Sherlock Holmes

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This is a general article about Sherlock Holmes fandom. For the character, see Sherlock Holmes (character). For other pages, see Sherlock Holmes (disambiguation).

Name: Sherlock Holmes
Abbreviation(s): SH
Creator: Sir Arthur Conan Doyle (22 May 1859 – 7 July 1930)
Date(s): 1887-1927
Medium: Literature; later plays, movies, and tv series as well
Country of Origin: UK
External Links: Sherlock Holmes on Wikipedia
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flyer for a 1981 convention

The character Sherlock Holmes and the stories about his detective work began in 1887 with the first story written by Sir Arthur Conan Doyle. Since then, the stories have expanded into a large collection of literature, film, and television — some authorized by Conan Doyle's estate, some not.[1]

The Canon

The 56 short stories and 4 novellas that comprise the Holmesian canon were written by Sir Arthur Conan Doyle between 1887 and 1927. During the past century they have been adapted into countless plays, films and TV shows.


The Fandom


At the time they were written, the stories were immensely popular; Conan Doyle famously became tired of his other work being overshadowed by his detective stories and finally killed Holmes off in "The Final Problem" (1893), provoking an intense public outcry. Many people wore black mourning bands, newspapers around the world reported on Holmes' death or ran obituaries, and over 20,000 people cancelled their subscriptions to Strand Magazine, in which the stories had previously been published. A decade later the author finally gave in and resurrected the detective for another three volumes' worth of adventures.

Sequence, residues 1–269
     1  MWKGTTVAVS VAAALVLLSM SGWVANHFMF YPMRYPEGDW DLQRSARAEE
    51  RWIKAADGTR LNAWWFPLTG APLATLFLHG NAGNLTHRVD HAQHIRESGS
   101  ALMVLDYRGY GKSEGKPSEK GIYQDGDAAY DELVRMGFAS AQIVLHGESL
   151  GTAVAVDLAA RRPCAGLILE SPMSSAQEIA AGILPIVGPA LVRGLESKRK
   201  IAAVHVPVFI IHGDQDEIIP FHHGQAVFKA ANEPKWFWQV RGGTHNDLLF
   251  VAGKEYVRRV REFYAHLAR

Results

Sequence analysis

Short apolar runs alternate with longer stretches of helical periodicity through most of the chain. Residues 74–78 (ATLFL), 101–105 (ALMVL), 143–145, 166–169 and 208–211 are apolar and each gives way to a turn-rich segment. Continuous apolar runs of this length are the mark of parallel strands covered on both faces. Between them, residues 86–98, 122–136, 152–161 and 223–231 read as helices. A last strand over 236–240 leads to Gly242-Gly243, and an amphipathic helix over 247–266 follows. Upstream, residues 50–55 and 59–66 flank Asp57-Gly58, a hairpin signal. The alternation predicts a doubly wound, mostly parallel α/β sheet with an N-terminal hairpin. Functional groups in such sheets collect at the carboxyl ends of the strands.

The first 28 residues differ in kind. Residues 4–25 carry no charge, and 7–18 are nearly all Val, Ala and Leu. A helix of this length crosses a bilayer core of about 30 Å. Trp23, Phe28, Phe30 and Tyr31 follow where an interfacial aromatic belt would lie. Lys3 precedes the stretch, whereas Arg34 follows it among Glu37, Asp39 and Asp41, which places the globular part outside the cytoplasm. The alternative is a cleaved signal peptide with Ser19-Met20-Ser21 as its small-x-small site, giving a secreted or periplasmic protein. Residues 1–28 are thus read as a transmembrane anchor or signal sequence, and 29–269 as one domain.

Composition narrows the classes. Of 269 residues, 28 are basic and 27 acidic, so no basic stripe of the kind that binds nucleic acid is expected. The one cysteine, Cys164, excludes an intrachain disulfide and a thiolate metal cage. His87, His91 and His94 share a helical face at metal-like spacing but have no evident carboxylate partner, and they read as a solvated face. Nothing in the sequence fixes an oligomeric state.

Conan Doyle generally wrote the Holmes stories quickly and with a minimal amount of editing, and as a result the canon contains a huge number of mistakes and inconsistencies. It was from these that the practice of "Holmesian speculation" arose, which consists of pointing out discrepancies in the canon and devising (sometimes reasonable, sometimes extremely outlandish) explanations for them. Frequently discussed problems in the canon include the chronology of the stories (Conan Doyle was very often careless about dates, leading to a number of puzzling inconsistencies); the number of times Dr. Watson was married (a topic heavily intertwined with the chronology problem); and the question of Watson's war wound (said to be in his shoulder in A Study in Scarlet and in his leg in The Sign of Four). The earliest recorded examples of this fannish activity are from 1902 [2], but the work that is considered to have really kicked off the fandom is Ronald Knox's 1911 essay, "Studies in the Literature of Sherlock Holmes," in which he satirized modern Biblical criticism by applying those same methods of analysis to Conan Doyle's stories.